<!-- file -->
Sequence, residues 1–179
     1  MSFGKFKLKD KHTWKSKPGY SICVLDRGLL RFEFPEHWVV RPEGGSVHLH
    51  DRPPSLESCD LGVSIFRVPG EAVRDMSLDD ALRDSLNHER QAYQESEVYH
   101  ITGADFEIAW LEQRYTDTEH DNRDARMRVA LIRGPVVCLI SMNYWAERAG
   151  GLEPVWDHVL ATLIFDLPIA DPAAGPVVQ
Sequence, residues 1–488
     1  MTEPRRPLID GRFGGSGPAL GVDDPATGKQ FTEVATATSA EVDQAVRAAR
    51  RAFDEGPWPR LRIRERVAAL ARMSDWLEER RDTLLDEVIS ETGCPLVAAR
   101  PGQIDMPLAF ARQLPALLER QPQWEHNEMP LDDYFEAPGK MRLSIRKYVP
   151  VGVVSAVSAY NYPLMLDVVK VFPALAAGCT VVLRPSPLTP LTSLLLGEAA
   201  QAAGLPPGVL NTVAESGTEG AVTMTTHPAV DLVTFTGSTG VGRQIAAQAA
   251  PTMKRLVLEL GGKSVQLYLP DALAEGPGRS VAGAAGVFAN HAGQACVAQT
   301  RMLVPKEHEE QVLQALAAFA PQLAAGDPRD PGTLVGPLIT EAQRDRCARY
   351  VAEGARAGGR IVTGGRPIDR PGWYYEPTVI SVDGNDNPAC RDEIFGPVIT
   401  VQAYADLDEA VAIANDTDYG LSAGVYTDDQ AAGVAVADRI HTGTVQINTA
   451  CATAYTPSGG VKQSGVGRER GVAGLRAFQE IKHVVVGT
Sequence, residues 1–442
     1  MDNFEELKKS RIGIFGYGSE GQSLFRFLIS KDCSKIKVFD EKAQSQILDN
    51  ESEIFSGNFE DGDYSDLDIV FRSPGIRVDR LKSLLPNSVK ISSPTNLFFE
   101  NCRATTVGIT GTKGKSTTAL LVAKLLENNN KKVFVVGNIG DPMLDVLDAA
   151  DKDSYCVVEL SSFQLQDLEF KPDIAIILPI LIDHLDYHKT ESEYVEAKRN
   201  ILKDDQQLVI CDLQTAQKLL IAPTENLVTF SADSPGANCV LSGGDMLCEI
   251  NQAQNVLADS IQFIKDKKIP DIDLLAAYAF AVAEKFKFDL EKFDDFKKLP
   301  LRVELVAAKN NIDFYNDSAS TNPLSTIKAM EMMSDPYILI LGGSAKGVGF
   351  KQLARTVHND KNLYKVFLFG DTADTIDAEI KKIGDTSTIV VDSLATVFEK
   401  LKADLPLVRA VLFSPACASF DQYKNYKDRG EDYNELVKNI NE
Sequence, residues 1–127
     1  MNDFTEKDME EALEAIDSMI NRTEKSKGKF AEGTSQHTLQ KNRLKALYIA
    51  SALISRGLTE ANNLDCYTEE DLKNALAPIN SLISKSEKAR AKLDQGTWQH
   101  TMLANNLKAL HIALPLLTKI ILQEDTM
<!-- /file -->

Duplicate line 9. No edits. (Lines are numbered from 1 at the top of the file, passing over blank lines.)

   101  PGQIDMPLAF ARQLPALLER QPQWEHNEMP LDDYFEAPGK MRLSIRKYVP